Racial Justice

PSC’s goal is to support the many communities of color working on ensuring that there is more racial equity reflected in the bills during the legislative session and in our state programs. PSC does this in at least two ways: empowering the African American voice and presence in the legislature by working with the A. Philip Randolph Institute Seattle Chapter (APRI) to assist with their annual advocacy day in Olympia and secondly by being a part of the Racial Equity Team which is a collaborative coalition of many organizations that have a lobbying presence in Olympia working to advance racial equity policies. We also partner with NAACP Washington Conference and One America on these efforts.

Housing Justice

PSC’s goal is to transform our state’s housing system so that those who’ve been impacted by the criminal legal system cannot be discriminated against by a landlord because of their prior criminal record (HB 2017 did not pass this session). Our primary partners for this effort is a housing justice coalition that is led by impacted family members, the Washington Low Income Housing Alliance, and Pioneer Human Services. PSC is also working in partnership with many to advocate that our state invests more of our tax dollars into affordable housing – particularly in to the Housing Trust Fund. We also partner with Civil Survival and  Urban League of Metropolitan Seattle  in these efforts.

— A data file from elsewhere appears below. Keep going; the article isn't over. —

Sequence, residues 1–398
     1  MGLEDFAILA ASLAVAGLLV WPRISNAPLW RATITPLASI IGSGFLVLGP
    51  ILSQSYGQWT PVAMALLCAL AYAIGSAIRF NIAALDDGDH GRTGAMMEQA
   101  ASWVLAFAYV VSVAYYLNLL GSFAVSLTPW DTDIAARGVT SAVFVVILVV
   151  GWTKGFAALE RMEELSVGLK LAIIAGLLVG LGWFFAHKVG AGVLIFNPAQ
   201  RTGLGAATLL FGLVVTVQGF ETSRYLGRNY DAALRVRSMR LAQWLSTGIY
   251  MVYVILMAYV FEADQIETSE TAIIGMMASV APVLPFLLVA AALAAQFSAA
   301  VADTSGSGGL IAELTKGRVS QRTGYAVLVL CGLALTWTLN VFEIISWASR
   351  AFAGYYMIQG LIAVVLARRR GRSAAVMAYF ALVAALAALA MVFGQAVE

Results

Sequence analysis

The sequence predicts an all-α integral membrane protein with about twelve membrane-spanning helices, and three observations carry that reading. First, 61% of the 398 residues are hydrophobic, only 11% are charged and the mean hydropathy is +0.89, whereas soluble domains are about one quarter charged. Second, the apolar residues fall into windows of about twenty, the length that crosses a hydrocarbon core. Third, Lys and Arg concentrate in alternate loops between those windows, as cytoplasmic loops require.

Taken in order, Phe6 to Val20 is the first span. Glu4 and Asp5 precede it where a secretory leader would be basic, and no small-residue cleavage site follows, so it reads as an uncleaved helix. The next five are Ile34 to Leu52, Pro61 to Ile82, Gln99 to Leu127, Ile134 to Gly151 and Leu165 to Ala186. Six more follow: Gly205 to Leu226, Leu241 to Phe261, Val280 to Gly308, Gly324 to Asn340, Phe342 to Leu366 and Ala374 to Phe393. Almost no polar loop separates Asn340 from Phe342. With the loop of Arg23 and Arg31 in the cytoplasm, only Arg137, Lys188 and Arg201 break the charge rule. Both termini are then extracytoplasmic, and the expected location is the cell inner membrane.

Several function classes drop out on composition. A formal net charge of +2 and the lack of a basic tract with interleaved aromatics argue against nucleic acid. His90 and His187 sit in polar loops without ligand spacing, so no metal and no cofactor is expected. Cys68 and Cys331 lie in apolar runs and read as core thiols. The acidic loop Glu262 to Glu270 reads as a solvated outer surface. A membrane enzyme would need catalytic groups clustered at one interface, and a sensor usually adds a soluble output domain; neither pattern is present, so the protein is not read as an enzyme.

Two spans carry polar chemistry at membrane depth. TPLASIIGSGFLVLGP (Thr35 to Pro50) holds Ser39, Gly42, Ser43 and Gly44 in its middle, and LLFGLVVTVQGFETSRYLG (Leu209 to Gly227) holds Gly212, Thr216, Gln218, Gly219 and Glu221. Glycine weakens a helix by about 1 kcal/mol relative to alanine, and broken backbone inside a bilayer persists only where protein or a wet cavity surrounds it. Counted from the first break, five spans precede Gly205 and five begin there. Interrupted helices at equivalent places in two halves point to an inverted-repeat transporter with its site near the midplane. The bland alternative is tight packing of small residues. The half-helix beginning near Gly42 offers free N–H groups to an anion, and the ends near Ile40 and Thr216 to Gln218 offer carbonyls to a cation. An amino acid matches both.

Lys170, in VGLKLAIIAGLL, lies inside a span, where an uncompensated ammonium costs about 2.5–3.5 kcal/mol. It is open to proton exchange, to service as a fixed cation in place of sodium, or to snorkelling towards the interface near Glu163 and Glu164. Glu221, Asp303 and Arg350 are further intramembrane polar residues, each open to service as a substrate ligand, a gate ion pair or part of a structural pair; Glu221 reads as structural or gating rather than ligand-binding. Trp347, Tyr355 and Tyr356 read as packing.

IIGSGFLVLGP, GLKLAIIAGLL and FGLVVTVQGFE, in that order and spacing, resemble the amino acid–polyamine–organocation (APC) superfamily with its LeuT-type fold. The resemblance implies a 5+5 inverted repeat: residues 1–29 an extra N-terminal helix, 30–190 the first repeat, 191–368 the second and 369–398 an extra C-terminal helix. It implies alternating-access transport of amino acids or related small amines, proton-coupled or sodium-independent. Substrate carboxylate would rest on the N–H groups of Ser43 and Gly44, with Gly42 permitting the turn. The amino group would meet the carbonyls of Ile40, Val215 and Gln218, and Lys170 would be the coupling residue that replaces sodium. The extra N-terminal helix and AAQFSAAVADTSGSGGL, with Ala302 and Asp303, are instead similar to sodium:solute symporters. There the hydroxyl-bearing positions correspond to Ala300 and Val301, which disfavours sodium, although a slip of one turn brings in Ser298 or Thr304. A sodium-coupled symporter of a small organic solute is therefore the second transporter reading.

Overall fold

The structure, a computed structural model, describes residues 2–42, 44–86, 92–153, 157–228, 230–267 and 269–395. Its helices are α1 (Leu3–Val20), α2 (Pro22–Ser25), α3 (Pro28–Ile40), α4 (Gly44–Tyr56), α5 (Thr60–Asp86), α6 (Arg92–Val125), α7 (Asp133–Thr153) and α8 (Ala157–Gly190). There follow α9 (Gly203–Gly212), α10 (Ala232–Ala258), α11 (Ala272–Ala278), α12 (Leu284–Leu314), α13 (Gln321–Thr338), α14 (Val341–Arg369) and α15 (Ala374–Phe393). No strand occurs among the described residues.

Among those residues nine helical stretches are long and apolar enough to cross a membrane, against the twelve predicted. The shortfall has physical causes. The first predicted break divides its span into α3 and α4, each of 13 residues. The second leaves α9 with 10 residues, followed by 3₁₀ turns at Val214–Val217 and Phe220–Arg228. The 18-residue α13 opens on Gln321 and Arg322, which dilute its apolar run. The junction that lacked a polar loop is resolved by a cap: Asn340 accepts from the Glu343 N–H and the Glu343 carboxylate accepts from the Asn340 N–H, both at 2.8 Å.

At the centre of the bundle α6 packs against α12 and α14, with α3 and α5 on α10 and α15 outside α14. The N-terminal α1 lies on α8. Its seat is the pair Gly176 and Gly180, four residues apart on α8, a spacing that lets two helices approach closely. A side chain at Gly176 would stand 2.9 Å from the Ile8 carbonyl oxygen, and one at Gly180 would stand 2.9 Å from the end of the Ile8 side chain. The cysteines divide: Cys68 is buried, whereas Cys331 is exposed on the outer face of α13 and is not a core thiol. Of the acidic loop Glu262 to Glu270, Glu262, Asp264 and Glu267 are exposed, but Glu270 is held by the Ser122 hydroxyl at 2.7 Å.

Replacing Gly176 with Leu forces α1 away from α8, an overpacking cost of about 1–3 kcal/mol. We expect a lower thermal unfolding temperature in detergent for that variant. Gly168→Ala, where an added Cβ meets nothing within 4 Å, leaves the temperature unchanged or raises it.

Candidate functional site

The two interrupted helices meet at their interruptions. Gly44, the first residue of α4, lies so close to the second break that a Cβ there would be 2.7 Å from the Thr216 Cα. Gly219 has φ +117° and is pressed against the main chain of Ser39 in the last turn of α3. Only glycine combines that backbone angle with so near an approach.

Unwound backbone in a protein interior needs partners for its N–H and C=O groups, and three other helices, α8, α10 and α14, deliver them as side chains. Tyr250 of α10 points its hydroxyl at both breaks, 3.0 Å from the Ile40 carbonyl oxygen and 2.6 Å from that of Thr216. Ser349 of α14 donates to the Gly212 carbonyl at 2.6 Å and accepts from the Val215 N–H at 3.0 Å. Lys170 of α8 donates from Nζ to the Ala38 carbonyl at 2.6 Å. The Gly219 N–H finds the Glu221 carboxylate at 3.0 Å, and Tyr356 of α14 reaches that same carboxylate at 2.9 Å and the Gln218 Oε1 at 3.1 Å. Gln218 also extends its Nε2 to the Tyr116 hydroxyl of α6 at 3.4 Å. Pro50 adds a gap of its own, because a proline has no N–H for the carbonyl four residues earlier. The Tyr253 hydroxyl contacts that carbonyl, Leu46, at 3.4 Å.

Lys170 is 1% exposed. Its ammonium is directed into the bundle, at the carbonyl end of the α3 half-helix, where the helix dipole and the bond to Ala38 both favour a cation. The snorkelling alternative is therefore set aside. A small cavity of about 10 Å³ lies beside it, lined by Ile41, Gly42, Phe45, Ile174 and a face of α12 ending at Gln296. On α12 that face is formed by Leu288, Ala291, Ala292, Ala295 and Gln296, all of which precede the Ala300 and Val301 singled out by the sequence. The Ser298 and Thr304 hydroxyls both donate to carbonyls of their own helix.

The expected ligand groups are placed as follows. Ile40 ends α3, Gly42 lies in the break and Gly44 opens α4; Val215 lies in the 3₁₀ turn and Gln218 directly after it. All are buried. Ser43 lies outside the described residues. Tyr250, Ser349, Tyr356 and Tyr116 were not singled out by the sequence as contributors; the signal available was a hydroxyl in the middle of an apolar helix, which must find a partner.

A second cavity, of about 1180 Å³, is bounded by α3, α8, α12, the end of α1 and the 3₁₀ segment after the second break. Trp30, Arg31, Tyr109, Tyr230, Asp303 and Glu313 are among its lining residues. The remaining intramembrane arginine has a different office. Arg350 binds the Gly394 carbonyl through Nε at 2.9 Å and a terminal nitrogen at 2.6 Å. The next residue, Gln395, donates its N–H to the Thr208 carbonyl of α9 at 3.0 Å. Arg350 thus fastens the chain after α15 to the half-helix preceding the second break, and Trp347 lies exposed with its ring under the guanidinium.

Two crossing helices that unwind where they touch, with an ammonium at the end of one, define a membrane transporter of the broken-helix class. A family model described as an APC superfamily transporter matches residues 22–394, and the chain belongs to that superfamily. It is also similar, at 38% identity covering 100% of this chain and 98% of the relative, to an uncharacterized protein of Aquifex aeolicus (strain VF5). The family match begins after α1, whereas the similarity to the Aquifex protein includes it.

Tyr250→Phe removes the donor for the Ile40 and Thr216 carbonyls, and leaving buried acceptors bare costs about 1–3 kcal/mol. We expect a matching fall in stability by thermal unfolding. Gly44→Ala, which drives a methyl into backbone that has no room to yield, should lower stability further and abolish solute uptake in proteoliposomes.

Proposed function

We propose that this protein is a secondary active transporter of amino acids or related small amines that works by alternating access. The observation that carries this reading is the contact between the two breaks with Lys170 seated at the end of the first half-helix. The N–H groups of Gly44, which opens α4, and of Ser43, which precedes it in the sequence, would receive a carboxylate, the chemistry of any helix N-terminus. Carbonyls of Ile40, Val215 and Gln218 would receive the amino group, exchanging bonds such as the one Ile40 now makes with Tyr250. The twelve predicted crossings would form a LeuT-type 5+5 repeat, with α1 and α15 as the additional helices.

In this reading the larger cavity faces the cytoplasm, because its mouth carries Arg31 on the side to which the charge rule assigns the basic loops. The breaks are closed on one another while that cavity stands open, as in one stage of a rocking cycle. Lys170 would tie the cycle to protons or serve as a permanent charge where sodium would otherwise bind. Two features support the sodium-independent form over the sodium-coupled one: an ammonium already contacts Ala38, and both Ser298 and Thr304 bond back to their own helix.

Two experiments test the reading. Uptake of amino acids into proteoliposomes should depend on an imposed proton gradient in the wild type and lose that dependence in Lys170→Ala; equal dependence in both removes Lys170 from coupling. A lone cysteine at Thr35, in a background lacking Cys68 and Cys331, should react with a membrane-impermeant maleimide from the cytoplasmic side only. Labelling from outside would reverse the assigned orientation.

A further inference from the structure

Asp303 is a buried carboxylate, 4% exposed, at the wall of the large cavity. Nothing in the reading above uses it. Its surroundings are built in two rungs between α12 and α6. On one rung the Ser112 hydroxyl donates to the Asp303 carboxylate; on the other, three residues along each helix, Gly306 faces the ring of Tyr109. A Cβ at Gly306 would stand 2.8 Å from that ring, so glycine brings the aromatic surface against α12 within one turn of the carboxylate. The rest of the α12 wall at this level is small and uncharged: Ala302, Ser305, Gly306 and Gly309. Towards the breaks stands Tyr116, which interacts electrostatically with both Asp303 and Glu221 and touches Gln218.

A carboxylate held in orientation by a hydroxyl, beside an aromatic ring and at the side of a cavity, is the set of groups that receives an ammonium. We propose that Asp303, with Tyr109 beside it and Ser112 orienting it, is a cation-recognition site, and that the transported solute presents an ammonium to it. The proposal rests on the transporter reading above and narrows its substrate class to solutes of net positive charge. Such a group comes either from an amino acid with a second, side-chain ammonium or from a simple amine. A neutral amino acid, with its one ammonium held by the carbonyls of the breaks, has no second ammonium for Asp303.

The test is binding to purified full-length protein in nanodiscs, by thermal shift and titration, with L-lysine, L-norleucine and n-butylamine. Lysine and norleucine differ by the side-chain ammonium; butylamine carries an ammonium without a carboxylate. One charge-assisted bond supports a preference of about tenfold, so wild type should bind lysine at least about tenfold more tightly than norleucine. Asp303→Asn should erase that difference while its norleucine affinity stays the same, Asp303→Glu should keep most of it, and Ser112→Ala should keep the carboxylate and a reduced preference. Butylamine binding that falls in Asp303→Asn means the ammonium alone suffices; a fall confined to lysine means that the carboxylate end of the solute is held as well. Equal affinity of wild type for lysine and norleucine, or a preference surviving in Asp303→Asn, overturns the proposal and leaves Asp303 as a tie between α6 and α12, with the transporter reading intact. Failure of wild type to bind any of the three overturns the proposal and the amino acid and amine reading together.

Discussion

Native American Tribal Sovereignty

PSC’s goal is to honor the tribal sovereignty of all 29 federally recognized tribes in Washington State but to also honor and support our historic treaty tribes (those who’ve signed treaties but were never federally recognized) such as the Duwamish and Chinook tribes.  PSC works with the Duwamish Tribe to regain their federal recognition and with the Friends Committee on National Legislation on issues/bills in Congress that are important to Indian Country such as the recently passed reauthorization of Violence Against Women Act (VAWA).

Reducing Domestic Terrorism & White Supremacy

PSC’s goal is to urge our state government and governor to do more to monitor and prevent acts of domestic terrorism (like on Jan. 6th here and in our nations capitol) and white supremacy groups. We will monitor a new study being done by the Washington State Attorney General’s office and well as public education efforts. PSC is partnering with the Anti-Defamation League Pacific Northwest and UNIDOS of Snohomish County in these efforts.

“He has shown you, O mortal, what is good. And what does the LORD require of you? To act justly and to love mercy and to walk humbly with your God.”

Micah 6:8

2022 Legislative Summary & Outcomes